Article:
Whatever be the reason, the adventure cannot be listed as exactly a failure of Sherlock Holmes, though he does request Watson to remind him of "Norbury" if he gets too proud. All Holmes does is to theorize (albeit without the complete facts and in opposition to his own principle - "it is a capital mistake to theorize before you have all the evidence. It biases the judgement) and he is not much off the mark. He believes it to be a husband, only it is the child. His theory of blackmail is, I believe, the only gross error he makes. After all, why would the blackmailer(s) want a picture of the lady, if all he (they) wanted was money, is one of the questions that I can think of.



        Sridhar.
        PS: miscegenation - marriage or cohabitation between a man and woman of different races, esp., in the U.S., between a black and a white person.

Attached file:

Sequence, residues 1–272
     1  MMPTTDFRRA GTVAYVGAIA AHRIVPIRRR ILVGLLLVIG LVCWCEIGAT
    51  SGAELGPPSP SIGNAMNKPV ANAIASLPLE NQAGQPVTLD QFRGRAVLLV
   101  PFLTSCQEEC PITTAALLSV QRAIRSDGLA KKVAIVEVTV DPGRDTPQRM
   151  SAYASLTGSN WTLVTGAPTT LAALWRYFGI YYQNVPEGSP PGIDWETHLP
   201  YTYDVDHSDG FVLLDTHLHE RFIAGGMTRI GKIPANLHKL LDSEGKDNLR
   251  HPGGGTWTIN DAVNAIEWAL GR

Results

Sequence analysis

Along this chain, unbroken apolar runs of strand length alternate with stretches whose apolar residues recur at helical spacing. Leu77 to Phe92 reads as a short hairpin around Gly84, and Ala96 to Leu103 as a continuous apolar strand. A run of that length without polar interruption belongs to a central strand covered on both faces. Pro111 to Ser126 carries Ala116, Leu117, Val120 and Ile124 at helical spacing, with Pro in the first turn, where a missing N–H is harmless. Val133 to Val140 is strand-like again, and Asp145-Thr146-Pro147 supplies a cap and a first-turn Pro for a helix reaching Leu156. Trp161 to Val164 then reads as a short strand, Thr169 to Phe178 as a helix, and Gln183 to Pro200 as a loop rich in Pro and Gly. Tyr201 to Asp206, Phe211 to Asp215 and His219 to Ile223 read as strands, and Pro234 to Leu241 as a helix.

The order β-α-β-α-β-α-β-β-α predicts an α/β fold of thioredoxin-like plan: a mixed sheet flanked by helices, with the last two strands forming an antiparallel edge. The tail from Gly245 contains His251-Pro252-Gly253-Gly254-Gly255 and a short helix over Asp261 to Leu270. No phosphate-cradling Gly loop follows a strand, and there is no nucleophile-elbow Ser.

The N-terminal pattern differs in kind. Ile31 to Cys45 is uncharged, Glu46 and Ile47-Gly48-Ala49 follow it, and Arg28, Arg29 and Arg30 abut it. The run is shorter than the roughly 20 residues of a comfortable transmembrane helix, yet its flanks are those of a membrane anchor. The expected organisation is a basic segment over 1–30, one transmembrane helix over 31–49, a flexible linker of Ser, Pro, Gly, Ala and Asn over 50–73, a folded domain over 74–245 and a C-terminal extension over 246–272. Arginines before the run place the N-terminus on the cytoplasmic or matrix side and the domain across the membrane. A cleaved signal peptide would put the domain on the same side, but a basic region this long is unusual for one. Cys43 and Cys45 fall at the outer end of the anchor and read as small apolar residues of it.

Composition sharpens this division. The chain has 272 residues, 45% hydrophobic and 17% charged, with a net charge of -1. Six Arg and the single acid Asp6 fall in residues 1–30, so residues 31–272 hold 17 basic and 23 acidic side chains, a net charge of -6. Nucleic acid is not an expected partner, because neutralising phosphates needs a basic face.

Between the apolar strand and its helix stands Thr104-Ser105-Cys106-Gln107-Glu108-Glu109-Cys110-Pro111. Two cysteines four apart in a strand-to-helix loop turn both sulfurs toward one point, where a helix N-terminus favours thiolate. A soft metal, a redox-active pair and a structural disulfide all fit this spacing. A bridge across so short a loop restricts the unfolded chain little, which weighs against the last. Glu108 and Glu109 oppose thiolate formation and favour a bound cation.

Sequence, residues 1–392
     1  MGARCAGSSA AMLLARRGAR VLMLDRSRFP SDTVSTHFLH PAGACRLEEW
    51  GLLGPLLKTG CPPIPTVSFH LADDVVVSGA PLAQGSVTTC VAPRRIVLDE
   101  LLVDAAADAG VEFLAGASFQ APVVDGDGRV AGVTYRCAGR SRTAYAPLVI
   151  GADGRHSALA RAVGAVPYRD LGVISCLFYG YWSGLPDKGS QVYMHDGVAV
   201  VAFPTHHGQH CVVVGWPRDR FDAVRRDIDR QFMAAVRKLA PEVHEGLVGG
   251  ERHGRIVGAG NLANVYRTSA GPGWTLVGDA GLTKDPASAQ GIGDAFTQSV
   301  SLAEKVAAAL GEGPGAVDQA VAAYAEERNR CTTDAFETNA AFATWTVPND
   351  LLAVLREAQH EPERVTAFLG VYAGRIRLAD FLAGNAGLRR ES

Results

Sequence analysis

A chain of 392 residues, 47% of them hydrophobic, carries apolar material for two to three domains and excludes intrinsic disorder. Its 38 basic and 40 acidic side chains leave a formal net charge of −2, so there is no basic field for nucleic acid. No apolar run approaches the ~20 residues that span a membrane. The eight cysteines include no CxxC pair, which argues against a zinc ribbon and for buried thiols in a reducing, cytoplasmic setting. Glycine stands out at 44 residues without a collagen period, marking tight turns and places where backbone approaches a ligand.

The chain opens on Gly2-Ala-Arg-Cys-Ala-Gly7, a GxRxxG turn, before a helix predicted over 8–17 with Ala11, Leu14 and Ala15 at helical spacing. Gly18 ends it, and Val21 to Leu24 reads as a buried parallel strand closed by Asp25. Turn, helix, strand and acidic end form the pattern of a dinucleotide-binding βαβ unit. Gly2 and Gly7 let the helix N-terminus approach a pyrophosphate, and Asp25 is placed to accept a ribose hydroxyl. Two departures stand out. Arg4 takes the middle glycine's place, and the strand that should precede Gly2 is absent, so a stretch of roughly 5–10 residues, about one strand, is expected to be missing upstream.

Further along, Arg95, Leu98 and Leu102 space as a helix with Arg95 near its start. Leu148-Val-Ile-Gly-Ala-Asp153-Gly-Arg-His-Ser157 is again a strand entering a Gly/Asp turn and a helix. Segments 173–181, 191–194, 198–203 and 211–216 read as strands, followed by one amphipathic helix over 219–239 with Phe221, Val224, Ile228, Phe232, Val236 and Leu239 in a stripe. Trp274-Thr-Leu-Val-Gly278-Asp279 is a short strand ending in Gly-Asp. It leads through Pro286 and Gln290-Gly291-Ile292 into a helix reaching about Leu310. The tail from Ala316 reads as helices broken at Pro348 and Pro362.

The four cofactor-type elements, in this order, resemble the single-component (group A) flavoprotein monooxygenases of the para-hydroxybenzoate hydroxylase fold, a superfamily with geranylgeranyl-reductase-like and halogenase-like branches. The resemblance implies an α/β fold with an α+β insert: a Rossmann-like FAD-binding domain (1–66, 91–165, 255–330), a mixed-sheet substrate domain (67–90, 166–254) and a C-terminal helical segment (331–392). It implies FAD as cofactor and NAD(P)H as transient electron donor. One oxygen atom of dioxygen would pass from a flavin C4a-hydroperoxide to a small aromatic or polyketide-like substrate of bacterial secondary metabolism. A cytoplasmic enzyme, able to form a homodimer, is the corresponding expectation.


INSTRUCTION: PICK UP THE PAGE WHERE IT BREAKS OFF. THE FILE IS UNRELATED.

sumalsn <no_reply@...> wrote:
        Dear Holmesians,
        Can we discuss " The Adventure of the Yellow face" next month
        Sumalsn






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      • Nikhil Prasad Ojha
        For me, Yellow Face is a personal favourite because of the pathos in its closing line when the Master admits his fallibility: * If it should ever strike you
        Message 3 of 10 , Sep 17, 2006
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          For me, "Yellow Face" is a personal favourite because of the pathos in its
          closing line when the Master admits his fallibility:
          *"If it should ever strike you that I am getting a little over-confident in
          my powers, or giving less pains to a case than it deserves, kindly whisper
          'Norbury' in my ear, and I shall be infinitely obliged to you."*



          On 9/17/06, sridhar C <cs_gollum@...> wrote:
          >
          > Dear Holmesians,